June 21, 2016

Another Password Generator with Spec

A while ago, I tinkered with using data.generators and test.check for generating random data. Here's a link with more info , and here's an example in clojurescript.

A few months ago it was announced that clojure 1.9 will have a new core library called clojure.spec.

I'm just wrapping my brain around it, but clojure.spec seems really useful.

This post is a description of how I created a spec for a random password generator.

For this example, here are the requirements for the passwords we'll be spec'ing:

  • Must contain at least 2 lowercase letters
  • Must contain at least 2 uppercase letters
  • Must contain at least 2 digits
  • Must contain at least 2 of the following symbols: !, $, ^, &
  • Must be at least 10 chars long but no longer than 15

Spec Functions

A spec is simply a function that takes one argument and returns true or false, a.k.a, a predicate function.

So, let's try to create a spec for the first lowercase letter rule, shall we?

(s/def ::two-lowers #(re-matches #".*[a-z]+.*[a-z]+.*" %))
(s/valid? ::two-lowers "1234")   ;;=> false
(s/valid? ::two-lowers "12b34a") ;;=> true

What's really cool is that these spec functions can be used to create generator functions using s/gen. So in theory, once you've written a spec function, you'll get a generator function for free!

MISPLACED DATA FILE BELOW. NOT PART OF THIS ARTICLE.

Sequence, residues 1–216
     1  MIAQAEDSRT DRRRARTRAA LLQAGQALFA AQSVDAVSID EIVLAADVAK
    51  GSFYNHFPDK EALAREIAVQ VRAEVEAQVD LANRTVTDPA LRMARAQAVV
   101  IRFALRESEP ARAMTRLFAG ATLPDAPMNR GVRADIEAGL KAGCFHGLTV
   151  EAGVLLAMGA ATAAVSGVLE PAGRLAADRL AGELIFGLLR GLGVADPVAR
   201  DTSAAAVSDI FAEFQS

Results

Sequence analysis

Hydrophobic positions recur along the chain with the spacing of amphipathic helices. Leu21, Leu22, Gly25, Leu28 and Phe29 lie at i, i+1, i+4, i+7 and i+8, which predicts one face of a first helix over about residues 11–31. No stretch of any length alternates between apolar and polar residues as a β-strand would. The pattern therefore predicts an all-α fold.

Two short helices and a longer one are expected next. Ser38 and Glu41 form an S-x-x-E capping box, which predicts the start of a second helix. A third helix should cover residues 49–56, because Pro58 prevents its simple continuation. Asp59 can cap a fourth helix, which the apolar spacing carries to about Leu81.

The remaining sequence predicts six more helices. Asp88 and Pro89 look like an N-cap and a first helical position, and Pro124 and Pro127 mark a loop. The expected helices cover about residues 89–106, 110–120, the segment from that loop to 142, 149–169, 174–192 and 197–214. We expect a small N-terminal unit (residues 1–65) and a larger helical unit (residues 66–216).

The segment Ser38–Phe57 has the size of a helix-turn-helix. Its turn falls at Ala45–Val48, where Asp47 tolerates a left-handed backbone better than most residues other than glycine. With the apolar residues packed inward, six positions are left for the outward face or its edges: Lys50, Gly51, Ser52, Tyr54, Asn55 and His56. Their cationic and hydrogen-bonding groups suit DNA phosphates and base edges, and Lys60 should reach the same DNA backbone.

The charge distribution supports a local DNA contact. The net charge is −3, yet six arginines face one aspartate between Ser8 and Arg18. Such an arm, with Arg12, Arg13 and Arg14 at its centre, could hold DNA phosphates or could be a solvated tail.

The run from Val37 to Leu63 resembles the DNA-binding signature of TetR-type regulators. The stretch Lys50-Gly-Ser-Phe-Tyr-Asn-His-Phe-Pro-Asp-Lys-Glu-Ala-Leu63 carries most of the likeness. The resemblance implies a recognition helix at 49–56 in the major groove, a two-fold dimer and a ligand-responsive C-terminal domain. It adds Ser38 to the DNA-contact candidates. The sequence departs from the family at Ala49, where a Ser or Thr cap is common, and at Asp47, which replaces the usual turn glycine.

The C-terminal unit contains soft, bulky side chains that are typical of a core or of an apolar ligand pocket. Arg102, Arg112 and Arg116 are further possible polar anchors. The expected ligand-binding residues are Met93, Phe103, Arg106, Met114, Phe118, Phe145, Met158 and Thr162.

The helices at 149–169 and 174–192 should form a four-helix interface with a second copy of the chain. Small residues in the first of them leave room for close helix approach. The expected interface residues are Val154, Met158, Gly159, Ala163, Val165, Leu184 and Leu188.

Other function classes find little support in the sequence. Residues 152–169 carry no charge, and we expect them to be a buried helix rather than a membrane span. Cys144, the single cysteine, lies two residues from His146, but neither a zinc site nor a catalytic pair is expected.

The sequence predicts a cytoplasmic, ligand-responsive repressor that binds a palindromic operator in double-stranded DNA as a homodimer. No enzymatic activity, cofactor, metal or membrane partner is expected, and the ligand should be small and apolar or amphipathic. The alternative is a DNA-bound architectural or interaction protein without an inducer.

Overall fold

(gen/generate (s/gen ::two-lowers))
;;=> clojure.lang.ExceptionInfo: Unable to construct gen at: [] for: :boot.user/two-lowers

Oops, hmm, that didn't work. So, as you can see, s/gen can't always figure out how to create a generator function from a spec. It really only understands how to randomly generate primitive data. So, in this case, by hinting that the password should always be a string, s/gen is then able to start cranking out random strings and eventually can find one that satisfies the spec:

(s/def ::two-lowers
  (s/and string? #(re-matches #".*[a-z]+.*[a-z]+.*" %)))
(gen/generate (s/gen ::two-lowers))
;;=> "lErTQG3Jb26d4575S46VV8"

Nice! A string with at least 2 lower case letters. Pretty cool, right?

Here's another way I came up with to write the same spec. I like this version better because it has the added bonus of ensuring that the two lower case letters chosen are unique.

(def char-lower? (into #{} (map char (range 97 122))))

(s/def ::two-lowers
  (s/and string? #(<= 2 (count (filter char-lower? (into #{} %))))))
(gen/generate (s/gen ::two-lowers))
;;=> "9ob4Kej25Rz6259CD"

Ok, that looks nice. Next we need to write specs for the rest of the rules: